- Just heard that a bird has tested positive for the West
Nile virus in Boston. This is the first time the virus has been in that
area. I think that there is something very wrong with the way the outbreak
is progressing. It seems that it is being released into the areas by releasing
bird hosts or mosquito vectors.
- OraVax is going to market their vaccine for encephalitis
late this Fall. Are you aware of the fact that Thomas Monath of OraVax
and Dr. Jerry Hauer both had worked at Ft. Detrick at the same time?
- Monath has been involved in the New York outbreak from
the beginning. In 1996 Dr. Monath and OraVax got the exclusive license
for the patent of genetically altered JE virus from Ft. Detrick. They
have been working on the chimeri vax and in Fall 1999 field tested the
vaccine. I just wonder what that field test was?
- Dr. R E Shope was also involved in both JE vaccines,
the OraVax Chimeri vax and the Plum Island vaccine. I wonder how it was
known that we would need such a vaccine. During the field test in 1999,
all of a sudden there is a West Nile outbreak. Then the following year,
just when OraVax will market the vaccine, there is an even more widespread
outbreak of the virus.
- I wonder how these birds keep turning up positive? Maybe
with a little help from friends? \ I will let you know what else develops
in the Boston area with West Nile. Seems like the disease encircled Plum
Island. If you look at a map you will see Plum Island not that far from
the Massachuetts shore.
- Patricia Doyle _____
- By Tim McLaughlin http://news.excite.com/news/r/000726/16/health-westnile
- BOSTON (Reuters) - The first evidence of the mosquito-borne
West Nile virus, which killed seven people in New York in 1999, has been
discovered in Massachusetts in the body of a dead crow, state public health
officials said Wednesday.
- Massachusetts Department of Health officials said the
dead bird was found July 22 by workers with the Boston Parks Department
in the Jamaica Plain neighborhood of Boston.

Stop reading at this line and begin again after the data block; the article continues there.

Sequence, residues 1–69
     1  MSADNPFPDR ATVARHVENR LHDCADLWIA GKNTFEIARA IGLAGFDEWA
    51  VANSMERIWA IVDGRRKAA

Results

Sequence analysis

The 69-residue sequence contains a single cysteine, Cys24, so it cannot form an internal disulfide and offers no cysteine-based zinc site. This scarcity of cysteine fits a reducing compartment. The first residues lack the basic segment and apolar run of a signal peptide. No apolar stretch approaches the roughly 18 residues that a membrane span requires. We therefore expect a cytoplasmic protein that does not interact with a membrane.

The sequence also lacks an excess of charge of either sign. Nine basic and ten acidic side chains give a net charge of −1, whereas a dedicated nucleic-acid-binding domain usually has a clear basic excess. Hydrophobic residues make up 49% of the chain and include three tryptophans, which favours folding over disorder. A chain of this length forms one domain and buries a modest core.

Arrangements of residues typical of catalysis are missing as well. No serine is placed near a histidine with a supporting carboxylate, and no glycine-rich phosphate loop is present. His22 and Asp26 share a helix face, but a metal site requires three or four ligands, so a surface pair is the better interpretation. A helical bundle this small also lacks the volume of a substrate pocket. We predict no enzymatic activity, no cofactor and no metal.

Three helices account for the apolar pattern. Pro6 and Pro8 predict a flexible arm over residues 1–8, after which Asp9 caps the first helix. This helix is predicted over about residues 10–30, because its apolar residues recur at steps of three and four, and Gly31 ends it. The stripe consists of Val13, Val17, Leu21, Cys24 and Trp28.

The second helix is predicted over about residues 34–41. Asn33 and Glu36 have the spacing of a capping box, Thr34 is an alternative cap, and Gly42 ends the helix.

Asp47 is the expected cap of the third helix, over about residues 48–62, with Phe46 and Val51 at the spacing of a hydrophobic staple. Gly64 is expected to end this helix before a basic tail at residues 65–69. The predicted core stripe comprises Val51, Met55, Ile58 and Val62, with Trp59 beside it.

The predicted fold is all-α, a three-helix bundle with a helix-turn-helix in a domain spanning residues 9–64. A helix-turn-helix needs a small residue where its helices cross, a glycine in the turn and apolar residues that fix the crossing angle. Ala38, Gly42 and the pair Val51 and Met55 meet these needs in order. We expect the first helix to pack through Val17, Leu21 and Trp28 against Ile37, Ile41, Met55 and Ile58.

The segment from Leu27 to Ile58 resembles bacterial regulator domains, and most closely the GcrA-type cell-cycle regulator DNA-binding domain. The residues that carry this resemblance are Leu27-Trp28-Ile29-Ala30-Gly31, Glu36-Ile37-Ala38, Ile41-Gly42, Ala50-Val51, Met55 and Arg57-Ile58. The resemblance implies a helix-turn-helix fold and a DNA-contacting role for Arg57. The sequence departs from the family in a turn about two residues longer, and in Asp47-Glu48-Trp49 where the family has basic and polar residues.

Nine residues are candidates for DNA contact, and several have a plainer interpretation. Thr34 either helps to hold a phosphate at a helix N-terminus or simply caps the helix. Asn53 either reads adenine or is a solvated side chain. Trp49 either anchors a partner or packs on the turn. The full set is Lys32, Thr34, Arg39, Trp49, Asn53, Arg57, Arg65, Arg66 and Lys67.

- The officials said the state was testing mosquitoes in
the area to determine if the disease was present. Results of those tests
will be available Thursday morning.
- "I wouldn't be surprised if the West Nile virus
was found in mosquitoes because they feed on the birds," said Anita
Barry, director of communicable disease control for the Boston public health
- "We're making the assumption the virus will be found
in the mosquitoes," she said.
- She said the peak time for human infection was late August
- West Nile virus, named for the region in Uganda where
it first appeared in 1937, had never been detected in the Western Hemisphere
until it killed seven people and sickened 62 others in the New York region
- The virus survived the winter and was found this year
in mosquitoes or dead birds in New York, New Jersey and Connecticut. No
one was found to be infected with West Nile virus this year.
- The virus is spread to humans by infected mosquitoes
that have picked up the virus by biting a bird carrying it.
- It can cause potentially lethal brain diseases such as
encephalitis, an inflammation of the brain, or meningitis, an inflammation
of the lining of the brain and spinal cord. Symptoms can include high fever,
headache and body aches, muscle weakness, loss of consciousness or rash.
- U.S. health authorities do not know how the virus was
introduced into the United States, but it may have come from an infected
bird that was imported or an infected human from a country in Africa, southwestern
Asia or the Middle East.
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